DETROIT (AP) — An advisory panel to Michigan Gov. Rick Snyder on Friday recommended steps the state should take to restore reliable drinking water to Flint, including hiring an unbiased third party to declare when the system is free of lead.
Separately, Snyder announced the suspensions of two employees of the state Department of Environmental Quality in connection with regulatory failures that led to the crisis.
The task force's recommendations came a day after the U.S. Environmental Protection Agency told the state and city that their efforts so far had failed. The agency ordered them to protect public health and act to ensure Flint's water system is made safe.
The Flint Water Advisory Task Force said its recommendations are more detailed and comprehensive than what the EPA ordered.
"We'll move as quickly as possible to determine the best way to achieve the results," Snyder said in a statement. "The Flint water crisis is the result of missteps of government at all levels — city, state and federal. We're focused on fixing the problems and making sure nothing like this happens again in Flint or any other Michigan city."
High levels of lead have been detected in Flint's water since officials switched from the Detroit municipal system and began drawing from the Flint River as a cost-saving measure in April 2014. Some children's blood has tested positive for lead, a potent neurotoxin linked to learning disabilities, lower IQ and behavioral problems.
The panel recommendations included working with the EPA staff on a comprehensive lead-sampling program and seeking help from the federal Centers for Disease Control and Prevention in assessing an outbreak of Legionnaires' disease and its cause.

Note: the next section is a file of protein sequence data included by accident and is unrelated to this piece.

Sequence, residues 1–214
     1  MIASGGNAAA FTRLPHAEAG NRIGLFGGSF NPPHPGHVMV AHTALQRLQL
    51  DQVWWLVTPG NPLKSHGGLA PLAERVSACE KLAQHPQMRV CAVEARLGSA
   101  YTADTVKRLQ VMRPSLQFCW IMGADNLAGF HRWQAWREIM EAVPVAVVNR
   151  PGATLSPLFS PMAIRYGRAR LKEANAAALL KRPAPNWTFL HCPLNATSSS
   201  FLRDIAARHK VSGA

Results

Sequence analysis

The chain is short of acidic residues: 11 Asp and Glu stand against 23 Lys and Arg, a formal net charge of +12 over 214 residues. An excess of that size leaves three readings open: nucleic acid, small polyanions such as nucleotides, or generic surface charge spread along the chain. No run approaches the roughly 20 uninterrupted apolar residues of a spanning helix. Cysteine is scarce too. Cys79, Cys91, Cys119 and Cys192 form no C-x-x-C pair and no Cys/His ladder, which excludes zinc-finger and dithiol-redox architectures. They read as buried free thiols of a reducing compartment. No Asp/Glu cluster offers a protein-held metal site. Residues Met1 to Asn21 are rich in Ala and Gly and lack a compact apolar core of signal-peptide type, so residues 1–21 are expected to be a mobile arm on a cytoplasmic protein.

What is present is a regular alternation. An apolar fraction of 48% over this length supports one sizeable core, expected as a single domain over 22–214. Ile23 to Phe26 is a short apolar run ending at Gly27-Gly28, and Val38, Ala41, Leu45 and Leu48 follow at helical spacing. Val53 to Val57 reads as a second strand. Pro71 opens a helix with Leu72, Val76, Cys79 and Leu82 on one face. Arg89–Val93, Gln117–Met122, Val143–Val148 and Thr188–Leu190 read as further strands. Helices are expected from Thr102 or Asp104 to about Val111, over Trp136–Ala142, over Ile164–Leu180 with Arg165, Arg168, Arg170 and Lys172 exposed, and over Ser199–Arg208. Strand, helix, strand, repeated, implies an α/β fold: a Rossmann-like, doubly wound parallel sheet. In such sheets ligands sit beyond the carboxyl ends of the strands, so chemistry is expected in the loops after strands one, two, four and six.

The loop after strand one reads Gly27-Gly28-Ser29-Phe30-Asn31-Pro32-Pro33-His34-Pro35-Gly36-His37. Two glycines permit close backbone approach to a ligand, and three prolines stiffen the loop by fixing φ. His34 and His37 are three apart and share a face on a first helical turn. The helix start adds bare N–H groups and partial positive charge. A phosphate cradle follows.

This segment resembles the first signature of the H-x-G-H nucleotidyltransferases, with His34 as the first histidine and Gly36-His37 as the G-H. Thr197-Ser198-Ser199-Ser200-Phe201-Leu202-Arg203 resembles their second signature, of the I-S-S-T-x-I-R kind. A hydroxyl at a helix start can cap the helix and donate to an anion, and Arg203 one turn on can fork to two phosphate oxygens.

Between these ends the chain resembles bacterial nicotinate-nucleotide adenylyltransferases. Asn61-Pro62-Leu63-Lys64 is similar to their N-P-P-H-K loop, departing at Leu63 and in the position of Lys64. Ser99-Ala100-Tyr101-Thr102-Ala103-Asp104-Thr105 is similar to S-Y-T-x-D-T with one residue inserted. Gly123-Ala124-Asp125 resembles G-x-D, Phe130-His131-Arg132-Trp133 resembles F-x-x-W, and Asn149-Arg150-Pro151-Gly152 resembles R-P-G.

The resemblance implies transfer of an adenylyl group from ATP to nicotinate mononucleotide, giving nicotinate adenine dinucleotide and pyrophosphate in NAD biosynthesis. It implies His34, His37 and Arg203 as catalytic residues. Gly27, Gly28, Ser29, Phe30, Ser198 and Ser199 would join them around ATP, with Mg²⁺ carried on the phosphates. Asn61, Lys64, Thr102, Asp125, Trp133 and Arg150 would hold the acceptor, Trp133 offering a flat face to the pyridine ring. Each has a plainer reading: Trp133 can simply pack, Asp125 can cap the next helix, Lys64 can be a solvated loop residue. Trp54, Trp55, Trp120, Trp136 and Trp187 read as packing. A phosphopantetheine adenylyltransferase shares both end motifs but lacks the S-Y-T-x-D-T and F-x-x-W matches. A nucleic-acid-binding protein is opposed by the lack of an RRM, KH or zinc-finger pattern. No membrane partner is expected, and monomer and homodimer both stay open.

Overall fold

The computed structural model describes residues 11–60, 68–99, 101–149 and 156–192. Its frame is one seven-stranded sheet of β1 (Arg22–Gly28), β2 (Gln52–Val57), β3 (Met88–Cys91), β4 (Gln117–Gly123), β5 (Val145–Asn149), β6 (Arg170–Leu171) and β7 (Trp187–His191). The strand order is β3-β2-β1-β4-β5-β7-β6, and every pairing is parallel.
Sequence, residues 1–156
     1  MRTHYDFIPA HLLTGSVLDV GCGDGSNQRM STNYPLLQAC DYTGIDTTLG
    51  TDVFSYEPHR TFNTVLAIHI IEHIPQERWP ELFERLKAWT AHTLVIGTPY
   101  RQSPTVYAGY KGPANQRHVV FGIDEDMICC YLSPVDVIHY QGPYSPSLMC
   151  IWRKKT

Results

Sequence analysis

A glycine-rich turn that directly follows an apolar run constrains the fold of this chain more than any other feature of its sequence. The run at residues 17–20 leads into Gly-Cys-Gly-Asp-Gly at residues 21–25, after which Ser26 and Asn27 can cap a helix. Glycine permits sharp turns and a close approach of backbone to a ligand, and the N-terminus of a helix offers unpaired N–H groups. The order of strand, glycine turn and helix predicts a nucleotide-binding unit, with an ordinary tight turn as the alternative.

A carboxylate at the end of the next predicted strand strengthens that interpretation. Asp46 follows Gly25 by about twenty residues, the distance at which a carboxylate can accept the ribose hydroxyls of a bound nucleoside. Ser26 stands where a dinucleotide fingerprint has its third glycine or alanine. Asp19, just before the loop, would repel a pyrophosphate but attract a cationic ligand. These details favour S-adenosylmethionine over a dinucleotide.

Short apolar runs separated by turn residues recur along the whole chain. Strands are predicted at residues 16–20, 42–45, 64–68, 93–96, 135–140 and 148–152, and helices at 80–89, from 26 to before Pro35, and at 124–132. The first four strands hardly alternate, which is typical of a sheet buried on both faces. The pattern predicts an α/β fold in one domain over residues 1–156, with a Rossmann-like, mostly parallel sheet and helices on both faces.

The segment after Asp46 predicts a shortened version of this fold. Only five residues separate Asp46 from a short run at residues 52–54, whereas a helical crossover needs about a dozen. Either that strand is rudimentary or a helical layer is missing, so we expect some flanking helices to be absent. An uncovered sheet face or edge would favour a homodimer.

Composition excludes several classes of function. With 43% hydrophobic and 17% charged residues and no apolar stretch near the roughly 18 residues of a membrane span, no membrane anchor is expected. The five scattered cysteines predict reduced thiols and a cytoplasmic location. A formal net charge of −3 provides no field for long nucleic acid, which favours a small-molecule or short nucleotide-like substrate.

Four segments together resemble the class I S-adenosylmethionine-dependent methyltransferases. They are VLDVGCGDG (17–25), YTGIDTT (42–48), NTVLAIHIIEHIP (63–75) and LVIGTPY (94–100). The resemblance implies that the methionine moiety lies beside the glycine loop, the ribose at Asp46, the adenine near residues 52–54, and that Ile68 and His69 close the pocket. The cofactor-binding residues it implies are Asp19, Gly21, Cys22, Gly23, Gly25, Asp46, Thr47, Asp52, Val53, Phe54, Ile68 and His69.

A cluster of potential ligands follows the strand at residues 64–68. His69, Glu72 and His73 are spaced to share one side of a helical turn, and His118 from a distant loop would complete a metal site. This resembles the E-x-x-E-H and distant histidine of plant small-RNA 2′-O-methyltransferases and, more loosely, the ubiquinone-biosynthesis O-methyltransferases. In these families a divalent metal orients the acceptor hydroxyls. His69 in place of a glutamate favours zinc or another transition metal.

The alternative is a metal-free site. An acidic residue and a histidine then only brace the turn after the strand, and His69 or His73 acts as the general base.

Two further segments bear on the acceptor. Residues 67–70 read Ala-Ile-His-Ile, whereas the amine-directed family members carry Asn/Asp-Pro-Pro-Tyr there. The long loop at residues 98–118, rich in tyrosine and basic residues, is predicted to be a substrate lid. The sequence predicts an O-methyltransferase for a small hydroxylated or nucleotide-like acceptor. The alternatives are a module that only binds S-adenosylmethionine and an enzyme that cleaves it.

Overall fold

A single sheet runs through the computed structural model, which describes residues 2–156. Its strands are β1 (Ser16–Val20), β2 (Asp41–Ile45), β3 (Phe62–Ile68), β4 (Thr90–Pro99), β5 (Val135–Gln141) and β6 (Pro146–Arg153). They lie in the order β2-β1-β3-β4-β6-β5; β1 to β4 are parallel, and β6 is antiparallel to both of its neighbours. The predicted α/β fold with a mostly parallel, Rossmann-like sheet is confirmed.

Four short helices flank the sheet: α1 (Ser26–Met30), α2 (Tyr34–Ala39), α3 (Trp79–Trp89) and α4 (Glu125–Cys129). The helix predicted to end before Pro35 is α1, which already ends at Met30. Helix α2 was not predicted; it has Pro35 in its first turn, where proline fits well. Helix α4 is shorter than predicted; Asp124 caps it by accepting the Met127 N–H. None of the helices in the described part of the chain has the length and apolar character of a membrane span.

"To help address both the technical issues facing Flint, as well as the public-trust issues, we believe it is imperative to have the right people and organizations involved," task force Co-Chairman Chris Kolb said. "Until the public trust starts to build, this crisis will continue."
A regional director of the EPA resigned in connection with the drinking water crisis on Thursday, the same day the agency's chief issued the emergency order directing state and city officials to take action to protect public health.
The EPA said Susan Hedman, head of the agency's regional office in Chicago whose jurisdiction includes Michigan, was stepping down Feb. 1 so the EPA could focus "solely on the restoration of Flint's drinking water."
While much of the blame has been directed at Snyder and state officials, particularly the Michigan Department of Environmental Quality, some have faulted the EPA's Region 5 office for not acting more forcefully.
The unnamed DEQ employees were suspended Friday pending investigations. They work in the agency's drinking water division, state spokesman Kurt Weiss said.
The agency's director and communications director resigned last month.
"Some DEQ actions lacked common sense, and that resulted in this terrible tragedy in Flint," Snyder said.
The EPA has also released a letter from EPA Administrator Gina McCarthy to Snyder outlining terms of the agency's order.
Among other requirements, the EPA said the city should: Submit plans for ensuring that Flint's water has adequate treatment, including corrosion controls; ensure city personnel are qualified to operate the water system in a way that meets federal quality standards; and create a website where the public can get information.
The agency also said it would begin sampling and analyzing lead levels and would make the results public.